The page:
A small crowd had gathered beneath the inn to watch the man.

“Help,” he begged. Someone help…

Rin felt like a spectator, like everything was a show, like the man was the only thing in the world that mattered, and yet she couldn’t think of anything to help him. The building had been destroyed, and looked like it would collapse in minutes. The man was too high up to reach from the roof or any of the surrounding buildings.

All he could do was stand there with his mouth open, watching the man struggle in a vain attempt to get up.

She felt so deeply and entirely useless. Even if she could call upon the Phoenix, summoning fire would not save this man from death.

Because all Cike knew how to do was destroy. And even with all his power, with all his gods, they could not protect his people. They couldn’t turn back time. They couldn’t bring back the dead.

They may have won the battle in the marsh, but they were powerless in the face of its consequences. ‌

Altan shouted, perhaps asking for blankets to stop the man from falling, because moments later Rin saw several soldiers running into the square with blankets.

But before they could reach the end of the street, the inn shook dangerously. Rin thought it would collapse to the ground, crushing the man, but the wooden boards sank a little and stopped suddenly.

The man was now only four stories high. He tried to grab the roof with his other hand in an attempt to secure a better grip. Perhaps enraged by his proximity to the ground. For a moment, Rin thought he would make it, but then his hand slipped against the shattered glass and he fell backwards, the tilt of the wall pushing him away from any grip.

It seemed to stay in the air for a moment before falling. The crowd retreated.

Rin turned around, grateful that she couldn’t hear his body crashing to the ground.


The city was plunged into a terrible silence.

Every soldier was called to the defense of Khurdalain in anticipation of a major assault. Rin stayed in his place outside the walls for hours, her eyes scanning the perimeter. If the Federation was going to attack the walls, it would certainly be now.

But evening fell and there was no attack.

“They can’t possibly be scared,” Rin muttered, then grimaced. His hearing was beginning to return, although he still heard a constant high-pitched ringing.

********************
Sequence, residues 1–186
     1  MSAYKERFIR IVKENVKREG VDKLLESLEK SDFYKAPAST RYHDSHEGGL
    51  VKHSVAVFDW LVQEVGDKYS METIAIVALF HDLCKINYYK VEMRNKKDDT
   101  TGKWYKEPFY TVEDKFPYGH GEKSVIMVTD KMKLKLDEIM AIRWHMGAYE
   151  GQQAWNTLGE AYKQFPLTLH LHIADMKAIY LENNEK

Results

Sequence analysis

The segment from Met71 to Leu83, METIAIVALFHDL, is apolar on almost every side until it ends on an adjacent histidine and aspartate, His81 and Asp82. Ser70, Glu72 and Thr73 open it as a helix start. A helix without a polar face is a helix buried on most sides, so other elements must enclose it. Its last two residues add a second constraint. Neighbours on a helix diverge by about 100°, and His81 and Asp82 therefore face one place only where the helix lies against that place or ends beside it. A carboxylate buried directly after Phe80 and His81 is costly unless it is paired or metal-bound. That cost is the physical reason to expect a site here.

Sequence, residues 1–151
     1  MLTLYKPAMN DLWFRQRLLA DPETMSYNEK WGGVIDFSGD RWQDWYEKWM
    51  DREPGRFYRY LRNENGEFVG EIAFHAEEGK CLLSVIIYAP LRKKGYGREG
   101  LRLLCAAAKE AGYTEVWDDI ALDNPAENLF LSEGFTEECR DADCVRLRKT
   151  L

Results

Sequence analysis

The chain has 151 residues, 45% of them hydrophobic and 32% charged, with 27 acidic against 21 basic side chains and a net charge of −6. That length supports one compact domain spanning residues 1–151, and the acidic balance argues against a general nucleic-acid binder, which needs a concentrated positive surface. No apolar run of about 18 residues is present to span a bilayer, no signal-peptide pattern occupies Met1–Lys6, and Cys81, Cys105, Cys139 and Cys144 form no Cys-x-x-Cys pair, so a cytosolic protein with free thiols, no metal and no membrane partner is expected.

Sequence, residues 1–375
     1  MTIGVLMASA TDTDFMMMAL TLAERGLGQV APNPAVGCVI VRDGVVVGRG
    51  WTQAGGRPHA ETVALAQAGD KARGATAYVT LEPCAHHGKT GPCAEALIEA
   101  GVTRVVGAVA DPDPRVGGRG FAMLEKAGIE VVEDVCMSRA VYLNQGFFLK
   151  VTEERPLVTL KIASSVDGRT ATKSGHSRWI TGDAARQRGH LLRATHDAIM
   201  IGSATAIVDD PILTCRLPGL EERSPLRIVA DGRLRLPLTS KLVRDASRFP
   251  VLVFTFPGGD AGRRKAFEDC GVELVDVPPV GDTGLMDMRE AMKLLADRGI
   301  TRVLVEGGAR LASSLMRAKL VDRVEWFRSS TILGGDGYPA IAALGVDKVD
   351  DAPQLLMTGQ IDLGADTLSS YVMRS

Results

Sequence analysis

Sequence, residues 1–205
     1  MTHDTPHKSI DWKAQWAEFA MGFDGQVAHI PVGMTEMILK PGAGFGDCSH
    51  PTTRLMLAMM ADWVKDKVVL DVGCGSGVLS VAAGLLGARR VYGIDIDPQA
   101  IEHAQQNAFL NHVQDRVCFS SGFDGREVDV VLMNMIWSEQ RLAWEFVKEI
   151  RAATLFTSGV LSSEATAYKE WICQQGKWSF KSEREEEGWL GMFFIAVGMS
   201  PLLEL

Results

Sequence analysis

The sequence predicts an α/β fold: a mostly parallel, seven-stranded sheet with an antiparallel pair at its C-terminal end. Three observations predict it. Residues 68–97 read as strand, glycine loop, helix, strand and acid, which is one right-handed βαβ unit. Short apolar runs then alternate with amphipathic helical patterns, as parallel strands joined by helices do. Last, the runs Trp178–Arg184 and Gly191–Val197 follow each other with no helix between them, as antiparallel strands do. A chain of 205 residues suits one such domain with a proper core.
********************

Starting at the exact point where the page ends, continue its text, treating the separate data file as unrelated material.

Ramsa shook his head.

—They are playing the long game. They want to weaken us. Scaring us, making us hungry and exhausted.

Eventually the defensive line relaxed. If the Federation attempted a midnight invasion, the city’s alarm system would call troops back to the walls, and in the meantime, there was plenty of urgent work to be done.

It was brutally ironic that civilians had been dancing through these streets just hours before, celebrating what they thought would be a Federation surrender. Khurdalain had hoped to win this war. Khurdalain had believed that everything would return to normal.

But Khurdalain was strong. Khurdalain had survived both Poppy Wars. Khurdalain knew how to deal with devastation.

The civilians silently searched for the remains of their loved ones, and after so many hours of searching, with the only bodies they had recovered, they made a funeral pyre, set it on fire and pushed it into the sea. They did it with sad, practiced efficiency.

The medical squads of the three divisions set up a field hospital in the center of the city. Civilians flocked, hasty tourniquets tied clumsily to severed limbs, crushed ankles, and hands smashed into a stump.

Given Rin’s year of training in field medicine, Enki had her make new tourniquets for those who came bleeding while awaiting medical attention.

His first patient was a young woman, not much older than Rin. Her arm was wrapped in what looked like an old dress.

Rin removed the blood-soaked cloth and involuntarily hissed at the damage he saw. He could see the bone all the way down the arm to the elbow. He would lose his entire hand.

The girl waited patiently for Rin to assess the damage, her eyes glazed over, as if she had resigned herself to her new disability a long time ago.

Rin took a strip of linen from a bowl of boiling water and wrapped it around his upper arm, wrapping a stick around the end and twisting it to tighten the hold. The girl moaned in pain, but she gritted her teeth and looked in front of her.

“They’ll probably cut off your hand.” This will prevent you from losing more blood, and will make amputation easier. Rin tied a knot and backed away. I’m sorry.

“I knew we should have left,” the girl said. From the way he spoke, Rin doubted he was addressing her. He knew we should have fled the moment those ships docked on shore.

—Why didn’t you do it? —Rin asked.

The girl stared at him. Her eyes, devoid of emotion, accused him.

—Do you think we have somewhere to go?

Rin fixed his gaze on the floor and turned to the next patient.